Early Intrauterine Exposure to Tobacco-inhaled Products and Obesity
Division of Pediatric Epidemiology, Institute for Social Pediatrics and Adolescent Medicine, Ludwig-Maximilians University of Munich, Munich, Germany. American Journal of Epidemiology
(Impact Factor: 5.23).
01/2004; 158(11):1068-74. DOI: 10.1093/aje/kwg258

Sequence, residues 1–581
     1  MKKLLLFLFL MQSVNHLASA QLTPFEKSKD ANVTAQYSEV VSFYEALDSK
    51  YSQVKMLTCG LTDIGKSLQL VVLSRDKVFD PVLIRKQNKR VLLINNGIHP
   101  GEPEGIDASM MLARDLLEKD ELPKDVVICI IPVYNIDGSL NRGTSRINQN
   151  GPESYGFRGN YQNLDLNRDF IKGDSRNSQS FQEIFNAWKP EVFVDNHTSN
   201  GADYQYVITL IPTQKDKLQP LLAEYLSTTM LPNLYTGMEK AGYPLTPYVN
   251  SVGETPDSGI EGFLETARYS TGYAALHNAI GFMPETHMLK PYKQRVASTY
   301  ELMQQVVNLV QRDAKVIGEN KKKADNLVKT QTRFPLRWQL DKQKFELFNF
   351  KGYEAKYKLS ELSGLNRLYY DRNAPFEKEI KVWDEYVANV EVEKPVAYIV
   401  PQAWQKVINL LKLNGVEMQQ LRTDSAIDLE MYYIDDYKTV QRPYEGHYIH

An association between maternal smoking during pregnancy and offspring obesity has been reported. This study assessed the impact of maternal smoking during the first trimester. Data on 4,974 German children aged 5-6 years were obtained at school entry health examinations in 2001-2002 in Bavaria. Obesity was defined by body mass index using International Obesity Task Force cutpoints. Prevalence of obesity was 1.9% (95% confidence interval (CI): 1.5, 2.4) in offspring of never smokers, 4.5% (95% CI: 2.9, 6.7) for maternal smoking during the first trimester only, and 5.9% (95% CI: 3.8, 8.7) for maternal smoking throughout pregnancy. Unadjusted odds ratios were higher for maternal smoking throughout pregnancy (odds ratio = 3.23, 95% CI: 2.00, 5.21) compared with the first trimester only (odds ratio = 2.41, 95% CI: 1.49, 3.91). Adjusted odds ratios were similar: 1.70 (95% CI: 1.02, 2.87) for maternal smoking throughout pregnancy and 2.22 (95% CI: 1.33, 3.69) for maternal smoking in the first trimester only. When modeled together, no statistically significant difference in obesity risk was found between maternal smoking in the first trimester compared with throughout pregnancy. The effect of intrauterine tobacco exposure on childhood obesity may depend largely on cigarette smoking during the first trimester, whereas the additional impact of smoking throughout pregnancy might be due to confounding by sociodemographics. Women should be encouraged to quit smoking prior to conception.
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